Unlocking Google's Lotus Notes opportunity

Unlocking Google's Lotus Notes opportunity

Summary: A French startup is helping enterprises migrate from Lotus Notes to the cloud by adding process integration to Google Apps.


There are 150 million Lotus Notes users worldwide, and many of them are prime candidates for cloud-based alternatives — a prospecting opportunity the sales teams at both Google Enterprise and Microsoft Online Services are well aware of.

But although Google Apps can replace the email and document sharing capabilities of Notes, it lacks a workflow component — an essential ingredient of many existing Notes applications that enterprises have developed over the years. That missing component has provided a useful opportunity for RunMyProcess, a startup based in Paris, France, which offers an integration and process design platform for cloud applications, and has just closed its first round of venture finance.

A large number of its customers — distributed across Europe, South America and Asia — are migrating to Google Apps from Lotus Notes. RunMyProcess provides the glue that binds on-premise application data into a Google spreadsheet or progresses a document through an approval process. Because of its focus on orchestrating processes where human beings interact with data flows, RunMyProcess has carved out a distinctive niche for itself in comparison to other cloud integration vendors, which have tended to focus on automating the exchange of data. It may prove to be a fertile pitch. As founder and CEO Matthieu Hug told me: "Very few things are end-to-end automated within an enterprise context."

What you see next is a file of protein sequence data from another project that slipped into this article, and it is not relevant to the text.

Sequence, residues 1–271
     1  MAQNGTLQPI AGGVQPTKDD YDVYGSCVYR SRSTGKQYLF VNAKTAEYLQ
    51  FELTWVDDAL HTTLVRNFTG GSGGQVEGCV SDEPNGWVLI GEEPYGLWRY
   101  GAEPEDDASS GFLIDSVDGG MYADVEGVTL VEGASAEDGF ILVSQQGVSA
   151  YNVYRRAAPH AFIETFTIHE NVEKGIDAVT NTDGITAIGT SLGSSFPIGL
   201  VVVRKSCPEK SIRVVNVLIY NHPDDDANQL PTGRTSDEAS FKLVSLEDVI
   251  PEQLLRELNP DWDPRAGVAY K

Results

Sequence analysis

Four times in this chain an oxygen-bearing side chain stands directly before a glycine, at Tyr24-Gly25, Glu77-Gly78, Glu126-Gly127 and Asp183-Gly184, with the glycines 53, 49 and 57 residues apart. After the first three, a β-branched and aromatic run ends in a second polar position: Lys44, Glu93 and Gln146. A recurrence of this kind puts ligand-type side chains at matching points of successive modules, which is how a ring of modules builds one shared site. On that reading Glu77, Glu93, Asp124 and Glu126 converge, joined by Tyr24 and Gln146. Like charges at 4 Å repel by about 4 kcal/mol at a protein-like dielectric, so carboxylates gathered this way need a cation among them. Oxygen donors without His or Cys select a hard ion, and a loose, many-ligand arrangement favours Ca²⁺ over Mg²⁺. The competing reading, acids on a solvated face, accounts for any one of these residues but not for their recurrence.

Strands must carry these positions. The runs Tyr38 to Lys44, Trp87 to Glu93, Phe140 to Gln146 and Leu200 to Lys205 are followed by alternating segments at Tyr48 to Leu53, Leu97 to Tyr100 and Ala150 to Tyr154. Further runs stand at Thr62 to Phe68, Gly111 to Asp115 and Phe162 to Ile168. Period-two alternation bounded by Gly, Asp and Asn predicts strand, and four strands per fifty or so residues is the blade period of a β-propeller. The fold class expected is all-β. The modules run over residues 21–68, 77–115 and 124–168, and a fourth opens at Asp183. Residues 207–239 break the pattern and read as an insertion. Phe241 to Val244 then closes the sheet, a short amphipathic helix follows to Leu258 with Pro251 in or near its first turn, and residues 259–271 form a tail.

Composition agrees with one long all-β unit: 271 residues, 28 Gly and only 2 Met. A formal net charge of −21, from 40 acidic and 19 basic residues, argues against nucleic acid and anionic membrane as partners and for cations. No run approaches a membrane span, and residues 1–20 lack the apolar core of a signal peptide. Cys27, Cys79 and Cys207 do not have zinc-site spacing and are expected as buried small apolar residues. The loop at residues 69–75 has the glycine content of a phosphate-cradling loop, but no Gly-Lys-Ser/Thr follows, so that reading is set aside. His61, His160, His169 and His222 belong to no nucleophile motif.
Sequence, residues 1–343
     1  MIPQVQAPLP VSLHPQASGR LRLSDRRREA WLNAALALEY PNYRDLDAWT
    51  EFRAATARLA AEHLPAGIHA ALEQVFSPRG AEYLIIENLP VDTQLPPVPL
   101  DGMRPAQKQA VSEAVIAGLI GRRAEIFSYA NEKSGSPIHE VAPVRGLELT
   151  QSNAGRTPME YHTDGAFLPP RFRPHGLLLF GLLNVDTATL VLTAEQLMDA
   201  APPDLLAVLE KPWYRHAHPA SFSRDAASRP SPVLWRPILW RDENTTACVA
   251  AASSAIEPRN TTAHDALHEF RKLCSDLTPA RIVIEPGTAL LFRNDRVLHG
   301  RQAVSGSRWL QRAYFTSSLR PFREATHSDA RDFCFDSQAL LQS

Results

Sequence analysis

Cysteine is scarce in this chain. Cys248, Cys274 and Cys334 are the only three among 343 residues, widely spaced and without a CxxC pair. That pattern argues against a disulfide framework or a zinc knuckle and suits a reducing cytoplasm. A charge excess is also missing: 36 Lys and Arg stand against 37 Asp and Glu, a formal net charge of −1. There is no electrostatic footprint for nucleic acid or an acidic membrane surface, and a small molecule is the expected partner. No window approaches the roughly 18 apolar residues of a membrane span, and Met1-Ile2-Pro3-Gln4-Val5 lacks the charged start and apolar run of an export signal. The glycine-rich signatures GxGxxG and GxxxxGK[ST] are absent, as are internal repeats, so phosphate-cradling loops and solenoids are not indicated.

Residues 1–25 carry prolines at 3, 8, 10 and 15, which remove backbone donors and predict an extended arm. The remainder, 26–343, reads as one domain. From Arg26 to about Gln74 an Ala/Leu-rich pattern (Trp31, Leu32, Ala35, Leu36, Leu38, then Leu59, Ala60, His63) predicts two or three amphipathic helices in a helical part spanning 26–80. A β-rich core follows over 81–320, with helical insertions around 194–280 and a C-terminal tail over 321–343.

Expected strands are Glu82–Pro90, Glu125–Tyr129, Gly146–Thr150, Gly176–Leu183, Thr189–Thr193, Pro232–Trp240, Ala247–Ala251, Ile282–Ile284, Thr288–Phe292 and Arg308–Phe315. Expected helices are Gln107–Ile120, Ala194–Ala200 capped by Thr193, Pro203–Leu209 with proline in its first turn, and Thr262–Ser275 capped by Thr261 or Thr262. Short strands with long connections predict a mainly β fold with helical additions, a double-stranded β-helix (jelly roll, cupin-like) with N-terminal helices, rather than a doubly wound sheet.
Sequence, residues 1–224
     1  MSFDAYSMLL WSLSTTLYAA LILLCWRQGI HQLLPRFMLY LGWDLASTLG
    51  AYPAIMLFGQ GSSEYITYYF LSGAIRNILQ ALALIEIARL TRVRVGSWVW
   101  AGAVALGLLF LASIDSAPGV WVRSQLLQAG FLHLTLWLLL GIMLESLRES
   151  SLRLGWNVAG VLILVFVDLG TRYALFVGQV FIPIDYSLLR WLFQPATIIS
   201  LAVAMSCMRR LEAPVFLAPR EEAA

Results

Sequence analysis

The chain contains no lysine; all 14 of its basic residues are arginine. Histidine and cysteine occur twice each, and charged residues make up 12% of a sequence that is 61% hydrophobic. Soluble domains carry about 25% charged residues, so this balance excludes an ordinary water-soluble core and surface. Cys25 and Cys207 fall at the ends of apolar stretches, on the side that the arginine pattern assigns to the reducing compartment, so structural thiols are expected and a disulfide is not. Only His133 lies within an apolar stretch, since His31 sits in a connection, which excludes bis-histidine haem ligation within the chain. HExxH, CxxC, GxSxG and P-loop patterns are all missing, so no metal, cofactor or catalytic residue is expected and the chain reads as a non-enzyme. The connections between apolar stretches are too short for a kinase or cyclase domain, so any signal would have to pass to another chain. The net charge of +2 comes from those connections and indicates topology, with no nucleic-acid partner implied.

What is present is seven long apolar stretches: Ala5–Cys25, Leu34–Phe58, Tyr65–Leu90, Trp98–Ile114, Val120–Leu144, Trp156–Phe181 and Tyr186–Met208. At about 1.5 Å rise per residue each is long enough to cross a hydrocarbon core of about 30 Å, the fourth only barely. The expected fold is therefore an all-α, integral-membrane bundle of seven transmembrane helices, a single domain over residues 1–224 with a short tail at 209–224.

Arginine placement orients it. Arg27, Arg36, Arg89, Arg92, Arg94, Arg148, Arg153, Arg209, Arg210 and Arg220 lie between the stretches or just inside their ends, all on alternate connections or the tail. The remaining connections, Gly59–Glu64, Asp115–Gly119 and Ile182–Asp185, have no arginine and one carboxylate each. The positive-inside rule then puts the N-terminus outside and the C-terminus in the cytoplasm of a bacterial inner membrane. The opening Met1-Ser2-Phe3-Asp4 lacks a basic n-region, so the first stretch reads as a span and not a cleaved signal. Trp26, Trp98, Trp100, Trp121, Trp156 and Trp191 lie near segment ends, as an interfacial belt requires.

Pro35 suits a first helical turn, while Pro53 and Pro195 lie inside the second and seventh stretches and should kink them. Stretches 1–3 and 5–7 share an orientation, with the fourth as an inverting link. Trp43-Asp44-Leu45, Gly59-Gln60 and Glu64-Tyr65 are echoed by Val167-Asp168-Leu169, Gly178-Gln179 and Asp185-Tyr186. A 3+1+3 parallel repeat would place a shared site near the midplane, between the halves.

Other use cases include adding integration capabilities to help link Oracle CRM OnDemand to Google Calendar or to on-premise applications. RunMyProcess currently has connectors to about 100 applications or resources in its shared library. Because the platform is cloud-based and multi-tenant, any new connectors are available to all customers as soon as they are added to the library.

Lotus Notes migration offers the largest opportunity because of the sheer size of the installed base and the importance of workflow in the highly collaborative applications enterprises have built on the platform. The lack of native process design capabilities puts Google Apps at a competitive disadvantage compared to Microsoft BPOS with these customers, but the addition of RunMyProcess turns the tables by adding a cloud-native alternative that's much easier to implement and use than Microsoft SharePoint. The startup is forming partnerships with Google Apps resellers to help it unlock the opportunity.

Topics: Apps, Cloud, Collaboration, Enterprise Software, Google, IBM, Software

Phil Wainewright

About Phil Wainewright

Since 1998, Phil Wainewright has been a thought leader in cloud computing as a blogger, analyst and consultant.

Kick off your day with ZDNet's daily email newsletter. It's the freshest tech news and opinion, served hot. Get it.


Log in or register to join the discussion
  • RE: Unlocking Google's Lotus Notes opportunity